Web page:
Streaming has helped to make hip hop the most popular recorded-music genre in the US, according to industry-tracker Nielsen. A panel at the Cannes Lions conference today explored what this means for brands, who are mulling how best to work with established and emerging artists in the field.
Artist and producer Vic Mensa was joined by Havas US chief creative officer and co-chair Jason Peterson for the discussion, which was moderated by Annex strategy director Michael Fair. “I think that our industry is completely fucked, and the traditions of our industry are standing in the way of us truly serving our audiences and our clients,” said Peterson about the advertising industry, in a bracing introduction.
“If you think about what your favourite brands are, it’s because they treat you with a level of respect. My favourite brands are Apple, Adidas, Kanye West and Drake… When it comes to the social world we live in, artists have taken the lead in connecting and communicating with their consumers in a way that brands can learn from.”
“Hip hop is almost 50 years old. Is started on the fringe, but it’s gone to mass adoption… and every step of the way it has challenged the status quo, breaking and bending what we think is possible for music, but also influencing culture… Hip hop is no longer just music: hip hop is culture,” said Fair. “Its viability is really in its influence: in our everyday lives, from the way we shake hands, talk to each other, the way we dress and the way we move. How we live our lifestyles.”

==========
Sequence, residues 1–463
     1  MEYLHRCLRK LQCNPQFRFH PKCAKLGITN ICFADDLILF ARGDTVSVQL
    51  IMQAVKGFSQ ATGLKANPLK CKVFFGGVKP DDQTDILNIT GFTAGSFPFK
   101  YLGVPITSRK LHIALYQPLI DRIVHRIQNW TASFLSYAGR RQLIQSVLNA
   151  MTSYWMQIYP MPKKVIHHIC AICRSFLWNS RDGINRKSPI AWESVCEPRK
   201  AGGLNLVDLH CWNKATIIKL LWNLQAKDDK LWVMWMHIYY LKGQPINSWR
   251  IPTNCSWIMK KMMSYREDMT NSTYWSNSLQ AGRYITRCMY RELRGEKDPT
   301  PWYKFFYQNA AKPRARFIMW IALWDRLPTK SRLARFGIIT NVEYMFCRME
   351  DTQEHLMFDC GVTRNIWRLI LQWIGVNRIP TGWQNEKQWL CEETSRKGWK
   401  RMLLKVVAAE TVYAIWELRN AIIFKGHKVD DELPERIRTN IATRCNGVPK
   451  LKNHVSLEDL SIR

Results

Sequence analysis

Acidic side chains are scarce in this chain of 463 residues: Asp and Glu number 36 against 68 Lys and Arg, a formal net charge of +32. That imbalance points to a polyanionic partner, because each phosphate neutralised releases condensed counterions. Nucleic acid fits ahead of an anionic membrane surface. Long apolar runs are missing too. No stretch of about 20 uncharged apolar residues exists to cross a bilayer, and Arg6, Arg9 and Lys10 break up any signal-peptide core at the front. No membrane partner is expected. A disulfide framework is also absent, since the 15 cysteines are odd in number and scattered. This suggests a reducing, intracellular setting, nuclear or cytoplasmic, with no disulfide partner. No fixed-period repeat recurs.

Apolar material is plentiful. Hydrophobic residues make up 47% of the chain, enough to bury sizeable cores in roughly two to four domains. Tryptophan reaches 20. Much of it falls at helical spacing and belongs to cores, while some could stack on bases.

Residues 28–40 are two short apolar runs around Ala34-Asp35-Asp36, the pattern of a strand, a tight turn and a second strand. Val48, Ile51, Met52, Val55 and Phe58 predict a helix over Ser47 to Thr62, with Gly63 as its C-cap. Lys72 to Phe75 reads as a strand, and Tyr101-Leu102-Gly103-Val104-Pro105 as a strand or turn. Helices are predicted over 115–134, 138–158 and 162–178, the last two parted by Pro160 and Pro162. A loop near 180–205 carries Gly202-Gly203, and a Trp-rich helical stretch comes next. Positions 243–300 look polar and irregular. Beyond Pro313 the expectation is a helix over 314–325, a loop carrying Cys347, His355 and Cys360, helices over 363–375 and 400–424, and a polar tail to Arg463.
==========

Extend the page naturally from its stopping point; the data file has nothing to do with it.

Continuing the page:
He defined culture as connection, conversation and creation. “Hip hop is absolutely culture,” said Fair. “There is a distinct human truth around the fact that artists are the new brands. They are operating completely and solely as entities making waves within culture. They are promoting their own products… And the modern brand is best articulated within hip hop artists. They are self-sustaining, and they have their own teams.”
Peterson chimed back in, saying that “the majority of our brands have lost… that respect for our audience” and suggesting that brands are consistently getting social media wrong. “There’s a level of authenticity that artists are doing that applied to a brand, can get people into the place where they want to seek us out”.
The panel’s structure focused on elements of hip hop that can be applied to brands, starting with ‘drop bombs’ that ignite and drive cultural conversations.